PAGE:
Today, as a writer, I am called yet again to face my fear.
More recently I’ve been feeling a few things on my heart to write that I did not feel quite comfortable with. I’ve caught myself feeling the fear of, “Oooh, I can’t say that! What if I offend someone? What if they stop reading my blog? What if they don’t tap me on the shoulder saying ‘good job!’?” I feel the Lord challenging me to decide which is more important: what people think of me, or that they approve of me because I massage their ears with what they want to hear, or do I say what God wants me to say, thereby honouring and serving Him with my obedience, and trusting Him with the outcome?
I’m reminded of 2 Timothy 4:3, …preach the Word of God urgently at all times, whenever you get the chance, in season and out, when it is convenient and when it is not. Correct and rebuke your people when they need it, encourage them to do right, and all the time be feeding them patiently with God’s Word. For there is going to come a time when people won’t listen to the truth, but will go around looking for teachers who will tell them just what they want to hear. They won’t listen to what the Bible says but will blithely follow their own misguides ideas. Stand steady, and don’t be afraid of suffering for the Lord. Bring others to Christ. Leave nothing undone that you ought to do.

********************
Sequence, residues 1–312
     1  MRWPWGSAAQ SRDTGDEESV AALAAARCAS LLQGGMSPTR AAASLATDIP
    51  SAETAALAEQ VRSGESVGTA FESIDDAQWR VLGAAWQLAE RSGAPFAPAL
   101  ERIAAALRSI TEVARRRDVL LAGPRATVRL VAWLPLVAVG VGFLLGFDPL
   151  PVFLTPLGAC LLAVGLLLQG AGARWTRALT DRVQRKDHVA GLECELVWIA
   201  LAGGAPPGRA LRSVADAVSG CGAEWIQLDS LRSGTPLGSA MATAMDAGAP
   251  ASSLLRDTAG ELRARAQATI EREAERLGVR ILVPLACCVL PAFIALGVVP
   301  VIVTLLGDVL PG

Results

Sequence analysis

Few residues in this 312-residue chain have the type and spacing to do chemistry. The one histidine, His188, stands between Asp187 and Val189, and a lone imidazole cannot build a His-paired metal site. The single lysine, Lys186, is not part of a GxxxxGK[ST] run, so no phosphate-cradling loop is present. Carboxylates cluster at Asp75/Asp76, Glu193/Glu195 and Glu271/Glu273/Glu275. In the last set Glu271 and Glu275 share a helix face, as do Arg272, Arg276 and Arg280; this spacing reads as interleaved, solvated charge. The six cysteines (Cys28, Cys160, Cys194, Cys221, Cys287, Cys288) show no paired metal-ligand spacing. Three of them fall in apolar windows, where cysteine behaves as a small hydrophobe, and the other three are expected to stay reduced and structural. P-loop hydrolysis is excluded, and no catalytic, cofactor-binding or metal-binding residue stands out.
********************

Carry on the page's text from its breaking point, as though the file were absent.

Fear of man is a dangerous trap, but to trust in God means safety. (Proverbs 29:25)
God has given me writing as a gift; He has given me something to say. He has gifted me for His purpose, not my popularity. My gift is a tool in His hand. How then can I choose to be quiet out of fear of what people will say or think? Yes, maybe some will read my work and not like what I have to say – they might never read my work again – but if I were to obey the Lord, then I trust that He will make sure that it reaches the audience for whom He intended it.
If fearing man is a dangerous trap, then I choose to trust in the Lord instead. Today I choose to face my fear, for I have been prepared all along for a time such as this.
What is God telling you to do today, but you're afraid of what people will say or think? Will you choose to face your fear?